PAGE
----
Worst Case Scenarios For 4th Quarter: They're Down Right Grim

If you think the economy feels bad, by the end of the fourth quarter it could get downright depressing based on the worst case scenarios some economists are kicking around. But hopefully, we won't see those worst cases, and anything less could be a relief.

Goldman Sachs economists did an exercise where they set some very negative forecasts against the fourth quarter to see just what worst case GDP might look like. Their current forecast is for a decline of 3.5 percent in annualized "growth," but in a "just awful" environment they get to minus 6 percent. Worst case? That would be a 7.8 percent decline.

They have not changed their own outlook, but say they have begun to wonder if there could be a bigger decline then they've predicted, they said in a note this week.

"For the pessimistic but plausible -6 percent scenario to become a reality, we would need to see some very bad numbers over the next several weeks; in some sectors of the economy, a further acceleration in the pace of decline - and/or significant downward revisions to already-reported numbers," they wrote in a note.

To get to that number, the economists said it might take a nasty combination of declines in real consumer spending of 0.5 per cent per month (the likely rate for October and consistent with retail sales declines of 2 percent or more); residential construction outlays falling 3 percent a month; nondefense capital goods shipments slumping 1.2 percent per month, and a considerable decline in government spending. There would also have to be a lack of support from trade.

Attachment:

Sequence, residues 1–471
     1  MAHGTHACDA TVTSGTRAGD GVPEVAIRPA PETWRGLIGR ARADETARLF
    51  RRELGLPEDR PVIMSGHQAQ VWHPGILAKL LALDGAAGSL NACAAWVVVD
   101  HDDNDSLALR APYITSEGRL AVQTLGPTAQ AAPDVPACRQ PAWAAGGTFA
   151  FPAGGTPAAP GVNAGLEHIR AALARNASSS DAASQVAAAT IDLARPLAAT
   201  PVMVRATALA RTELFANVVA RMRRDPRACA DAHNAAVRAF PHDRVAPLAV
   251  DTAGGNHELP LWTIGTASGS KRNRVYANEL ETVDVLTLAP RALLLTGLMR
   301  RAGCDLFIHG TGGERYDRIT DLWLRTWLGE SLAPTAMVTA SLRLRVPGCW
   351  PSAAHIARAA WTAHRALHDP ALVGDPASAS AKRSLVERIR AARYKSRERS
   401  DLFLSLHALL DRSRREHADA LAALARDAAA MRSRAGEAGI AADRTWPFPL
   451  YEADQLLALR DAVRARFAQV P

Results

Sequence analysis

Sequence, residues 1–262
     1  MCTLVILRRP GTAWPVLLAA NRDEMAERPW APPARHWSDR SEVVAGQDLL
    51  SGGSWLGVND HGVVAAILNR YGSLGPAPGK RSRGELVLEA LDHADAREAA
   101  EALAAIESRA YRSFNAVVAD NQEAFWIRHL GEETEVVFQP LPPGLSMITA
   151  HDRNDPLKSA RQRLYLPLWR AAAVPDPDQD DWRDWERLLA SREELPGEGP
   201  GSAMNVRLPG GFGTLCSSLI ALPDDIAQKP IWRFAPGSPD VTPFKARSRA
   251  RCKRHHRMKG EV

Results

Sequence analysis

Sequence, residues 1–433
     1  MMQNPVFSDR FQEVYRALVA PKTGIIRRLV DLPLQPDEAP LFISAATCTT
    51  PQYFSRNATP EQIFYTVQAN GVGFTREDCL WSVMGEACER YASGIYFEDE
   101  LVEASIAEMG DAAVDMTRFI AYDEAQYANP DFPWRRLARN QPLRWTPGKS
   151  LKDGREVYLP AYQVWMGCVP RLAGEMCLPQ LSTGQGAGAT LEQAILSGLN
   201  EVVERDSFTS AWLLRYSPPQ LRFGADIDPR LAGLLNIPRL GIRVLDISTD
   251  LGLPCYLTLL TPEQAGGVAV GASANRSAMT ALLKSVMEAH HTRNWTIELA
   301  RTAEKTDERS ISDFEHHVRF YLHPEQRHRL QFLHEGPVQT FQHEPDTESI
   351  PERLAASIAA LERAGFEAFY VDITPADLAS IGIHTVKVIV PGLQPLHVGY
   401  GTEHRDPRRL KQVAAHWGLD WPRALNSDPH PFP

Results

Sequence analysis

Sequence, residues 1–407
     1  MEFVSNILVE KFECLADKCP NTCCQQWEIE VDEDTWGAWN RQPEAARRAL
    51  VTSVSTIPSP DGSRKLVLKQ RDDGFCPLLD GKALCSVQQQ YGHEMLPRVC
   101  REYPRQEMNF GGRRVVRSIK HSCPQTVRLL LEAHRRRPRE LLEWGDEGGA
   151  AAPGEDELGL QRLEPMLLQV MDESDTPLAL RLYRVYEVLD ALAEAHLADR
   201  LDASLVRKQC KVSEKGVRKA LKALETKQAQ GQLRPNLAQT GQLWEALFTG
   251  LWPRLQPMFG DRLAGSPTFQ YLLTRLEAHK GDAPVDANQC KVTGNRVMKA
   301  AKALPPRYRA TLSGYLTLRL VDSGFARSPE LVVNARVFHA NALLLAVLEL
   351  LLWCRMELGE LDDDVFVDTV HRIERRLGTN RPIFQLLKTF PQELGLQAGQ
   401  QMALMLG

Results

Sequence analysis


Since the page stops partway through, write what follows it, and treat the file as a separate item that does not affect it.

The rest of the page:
Deutsche Bank chief U.S. economist Joseph LaVorgna was also crunching numbers this week and he says he came up with a worst case scenario for GDP to shrink by 8 percent in the fourth quarter after the third quarter's decline of 0.3 percent. His forecast though is for a 4.5 percent decline.

Shrinking 8 percent?
"It's definitely possible. The bulk of it is likely to be capital spending and inventories. Consumer spending will be down again," said LaVorgna. In a note, he wrote: "The primary reason we have not shifted to that extreme view, at least not as of yet, is due to a projected collapse in inflation this quarter, led by what we expect to be at least a 0.6 percent decline in October headline CPI and a roughly 4 percent decline this quarter compared to a nearly 7 percent increase last quarter."

    • Consumer Prices Take Record Drop in October

In his note, he said "the current credit shock bears some rough similarities to the imposition of credit controls in Q2 1980 when the economy shrank by 8 percent."

He said Tuesday's NAHB homebuilders sentiment index, which fell to a new low, suggests housing activity will weaken even further from current record lows. "We are even more worried about what happens beyond the current quarter, especially if the Big 3 auto makers ultimately will file for bankruptcy. If this occurs, the impact on the economy could be catastrophic."

For now, his forecast is that the first quarter declines 1 percent, but that number of course could change. "A big part of it is if you don't get the inventory drag in the fourth quarter, you get it in the first quarter," he said.

Questions? Comments? marketinsider@cnbc.com